Determining the topological nature of materials by their substances is more important than their appearance
Topology hidden inside materials in the matter group called cerium monopnictides has been determined for the first time in the world.
The topological electronic phase distinguished by the latent topology inside materials is the award-winning subject of the Nobel Prize in Physics 2016, research on which is now being actively conducted all over the world.
In the topological electronic phase, an electronic state peculiar to the topological electronic phase occurs at the surface of materials (appearance), reflecting topology hidden inside materials (substances). For this reason, topology of a substance has been judged only by its appearance.
A joint research group succeeded in observing the topological phase transition in which a material changes to the topological electronic phase by using soft X-rays, light suitable for determining the topology of materials by their substances rather than by their appearance.
Since this research achievement enables direct determination of the essential topology hidden inside materials without judging the surface of the materials, it is expected that employing this technique will lead to the discovery of more diverse topological electronic phases.
This result was achieved by the research group of Assistant Professor Kenta Kuroda and Associate Professor Takeshi Kondo of the Institute for Solid State Physics, the University of Tokyo (Director Masashi Takigawa), in collaboration with Team Leader Ryotaro Arita (RIKEN Center for Emergent Matter Science), Assistant Professor Masayuki Ochi (the Graduate School of Science, Osaka University), Senior Scientist Takayuki Muro (Japan Synchrotron Radiation Research Institute), Deputy Director-General Hideyuki Kitazawa (National Institute for Materials Science) and Principle Researcher Yoshinori Haga (Japan Atomic Energy Agency).
Osaka University was founded in 1931 as one of the seven imperial universities of Japan and now has expanded to one of Japan's leading comprehensive universities. The University has now embarked on open research revolution from a position as Japan's most innovative university and among the most innovative institutions in the world according to Reuters 2015 Top 100 Innovative Universities and the Nature Index Innovation 2017. The university's ability to innovate from the stage of fundamental research through the creation of useful technology with economic impact stems from its broad disciplinary spectrum.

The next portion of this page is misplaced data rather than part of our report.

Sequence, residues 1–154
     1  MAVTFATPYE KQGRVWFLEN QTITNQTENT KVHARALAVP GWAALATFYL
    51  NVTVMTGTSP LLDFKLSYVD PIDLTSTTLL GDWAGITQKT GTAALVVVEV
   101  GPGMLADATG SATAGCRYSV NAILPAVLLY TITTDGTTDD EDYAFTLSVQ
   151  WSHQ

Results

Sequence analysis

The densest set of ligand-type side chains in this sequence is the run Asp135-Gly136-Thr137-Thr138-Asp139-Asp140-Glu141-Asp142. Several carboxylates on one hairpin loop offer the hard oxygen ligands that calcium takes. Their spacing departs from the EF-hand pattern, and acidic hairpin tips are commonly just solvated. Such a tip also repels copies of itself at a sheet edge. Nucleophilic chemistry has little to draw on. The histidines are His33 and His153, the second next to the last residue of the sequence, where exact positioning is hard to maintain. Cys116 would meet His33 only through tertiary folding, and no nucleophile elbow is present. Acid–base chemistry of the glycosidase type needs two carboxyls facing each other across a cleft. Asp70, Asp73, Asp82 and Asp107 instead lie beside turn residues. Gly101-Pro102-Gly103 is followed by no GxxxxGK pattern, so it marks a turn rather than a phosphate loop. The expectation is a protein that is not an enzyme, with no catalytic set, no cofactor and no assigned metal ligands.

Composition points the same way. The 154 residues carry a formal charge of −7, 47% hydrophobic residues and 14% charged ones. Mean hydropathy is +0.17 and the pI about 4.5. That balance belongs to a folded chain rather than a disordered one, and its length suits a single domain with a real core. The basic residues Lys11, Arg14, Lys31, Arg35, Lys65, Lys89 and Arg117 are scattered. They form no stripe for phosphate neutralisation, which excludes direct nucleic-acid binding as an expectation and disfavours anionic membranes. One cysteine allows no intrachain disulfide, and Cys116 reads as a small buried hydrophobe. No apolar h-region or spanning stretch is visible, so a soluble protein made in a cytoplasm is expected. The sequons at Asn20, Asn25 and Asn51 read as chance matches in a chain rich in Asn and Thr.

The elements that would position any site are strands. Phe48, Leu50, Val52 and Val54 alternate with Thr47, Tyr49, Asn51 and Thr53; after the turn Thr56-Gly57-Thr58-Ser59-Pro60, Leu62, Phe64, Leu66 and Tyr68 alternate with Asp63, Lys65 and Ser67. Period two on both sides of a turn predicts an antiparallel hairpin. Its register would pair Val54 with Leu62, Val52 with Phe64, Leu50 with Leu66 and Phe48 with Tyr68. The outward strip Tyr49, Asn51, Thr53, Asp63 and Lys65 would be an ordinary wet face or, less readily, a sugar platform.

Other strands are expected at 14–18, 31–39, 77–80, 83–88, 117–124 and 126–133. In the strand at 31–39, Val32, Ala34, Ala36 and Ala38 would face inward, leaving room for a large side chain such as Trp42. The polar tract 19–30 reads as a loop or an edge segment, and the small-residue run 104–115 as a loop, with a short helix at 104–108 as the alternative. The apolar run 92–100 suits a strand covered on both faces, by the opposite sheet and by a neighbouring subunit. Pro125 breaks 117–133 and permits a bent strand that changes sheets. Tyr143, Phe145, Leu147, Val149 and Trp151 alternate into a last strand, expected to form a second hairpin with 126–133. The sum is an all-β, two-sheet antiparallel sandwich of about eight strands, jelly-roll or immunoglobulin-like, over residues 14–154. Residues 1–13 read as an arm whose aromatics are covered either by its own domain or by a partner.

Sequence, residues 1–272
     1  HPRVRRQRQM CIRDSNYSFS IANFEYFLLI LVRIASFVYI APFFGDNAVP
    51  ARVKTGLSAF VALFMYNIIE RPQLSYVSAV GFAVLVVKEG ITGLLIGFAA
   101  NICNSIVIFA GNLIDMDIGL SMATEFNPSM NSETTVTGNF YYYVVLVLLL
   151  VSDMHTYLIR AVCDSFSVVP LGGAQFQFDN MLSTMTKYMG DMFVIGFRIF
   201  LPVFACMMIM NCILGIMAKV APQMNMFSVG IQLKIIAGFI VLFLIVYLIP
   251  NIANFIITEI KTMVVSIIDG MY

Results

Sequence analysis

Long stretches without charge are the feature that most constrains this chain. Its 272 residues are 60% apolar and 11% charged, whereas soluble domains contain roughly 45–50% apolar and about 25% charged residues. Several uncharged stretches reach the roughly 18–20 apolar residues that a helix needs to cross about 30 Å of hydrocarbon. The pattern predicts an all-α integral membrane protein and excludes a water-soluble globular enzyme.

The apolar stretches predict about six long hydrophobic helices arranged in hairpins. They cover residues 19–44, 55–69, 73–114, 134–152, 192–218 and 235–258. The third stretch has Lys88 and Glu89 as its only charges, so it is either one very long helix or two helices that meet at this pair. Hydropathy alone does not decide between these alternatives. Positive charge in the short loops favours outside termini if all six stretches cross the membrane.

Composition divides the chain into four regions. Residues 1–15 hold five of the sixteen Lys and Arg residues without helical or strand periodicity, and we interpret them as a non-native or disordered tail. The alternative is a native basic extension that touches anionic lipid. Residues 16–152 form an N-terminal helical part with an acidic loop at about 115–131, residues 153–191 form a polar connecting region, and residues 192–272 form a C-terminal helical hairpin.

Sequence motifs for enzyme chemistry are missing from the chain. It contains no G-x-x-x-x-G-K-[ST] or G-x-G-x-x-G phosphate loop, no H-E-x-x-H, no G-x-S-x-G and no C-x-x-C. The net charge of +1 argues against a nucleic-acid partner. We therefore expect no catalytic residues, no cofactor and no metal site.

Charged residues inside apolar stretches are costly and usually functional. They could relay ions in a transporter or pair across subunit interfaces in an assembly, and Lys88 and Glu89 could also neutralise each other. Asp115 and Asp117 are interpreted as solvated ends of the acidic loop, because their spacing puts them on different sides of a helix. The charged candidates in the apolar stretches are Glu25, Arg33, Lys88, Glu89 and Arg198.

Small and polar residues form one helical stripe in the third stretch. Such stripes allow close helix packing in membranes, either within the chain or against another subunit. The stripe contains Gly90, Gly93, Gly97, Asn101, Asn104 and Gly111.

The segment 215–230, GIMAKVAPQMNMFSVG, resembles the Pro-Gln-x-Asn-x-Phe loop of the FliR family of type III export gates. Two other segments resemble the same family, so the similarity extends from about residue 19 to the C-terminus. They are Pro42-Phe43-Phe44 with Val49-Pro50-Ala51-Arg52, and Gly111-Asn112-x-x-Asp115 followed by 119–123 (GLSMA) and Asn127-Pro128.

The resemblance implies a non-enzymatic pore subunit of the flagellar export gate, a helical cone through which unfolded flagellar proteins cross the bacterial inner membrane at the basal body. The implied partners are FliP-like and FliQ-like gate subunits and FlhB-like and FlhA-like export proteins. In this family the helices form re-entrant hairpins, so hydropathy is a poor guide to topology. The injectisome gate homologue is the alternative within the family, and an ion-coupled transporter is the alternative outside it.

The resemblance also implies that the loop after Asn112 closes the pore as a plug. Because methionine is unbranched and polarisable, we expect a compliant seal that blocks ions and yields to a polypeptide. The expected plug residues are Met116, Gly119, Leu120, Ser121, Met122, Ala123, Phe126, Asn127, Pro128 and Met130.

Saori Obayashi | EurekAlert!
Proteins imaged in graphene liquid cell have higher radiation tolerance
10.12.2018 | INM - Leibniz-Institut für Neue Materialien gGmbH
High-temperature electronics? That's hot
07.12.2018 | Purdue University
What if a sensor sensing a thing could be part of the thing itself? Rice University engineers believe they have a two-dimensional solution to do just that.
Rice engineers led by materials scientists Pulickel Ajayan and Jun Lou have developed a method to make atom-flat sensors that seamlessly integrate with devices...
Scientists at the University of Stuttgart and the Karlsruhe Institute of Technology (KIT) succeed in important further development on the way to quantum Computers.
Quantum computers one day should be able to solve certain computing problems much faster than a classical computer. One of the most promising approaches is...
New Project SNAPSTER: Novel luminescent materials by encapsulating phosphorescent metal clusters with organic liquid crystals
Nowadays energy conversion in lighting and optoelectronic devices requires the use of rare earth oxides.
Scientists have discovered the first synthetic material that becomes thicker - at the molecular level - as it is stretched.
Researchers led by Dr Devesh Mistry from the University of Leeds discovered a new non-porous material that has unique and inherent "auxetic" stretching...
Scientists from the Theory Department of the Max Planck Institute for the Structure and Dynamics of Matter (MPSD) at the Center for Free-Electron Laser Science (CFEL) in Hamburg have shown through theoretical calculations and computer simulations that the force between electrons and lattice distortions in an atomically thin two-dimensional superconductor can be controlled with virtual photons. This could aid the development of new superconductors for energy-saving devices and many other technical applications.
The vacuum is not empty. It may sound like magic to laypeople but it has occupied physicists since the birth of quantum mechanics.
10.12.2018 | Event News
06.12.2018 | Event News
03.12.2018 | Event News
10.12.2018 | Physics and Astronomy
10.12.2018 | Life Sciences
10.12.2018 | Information Technology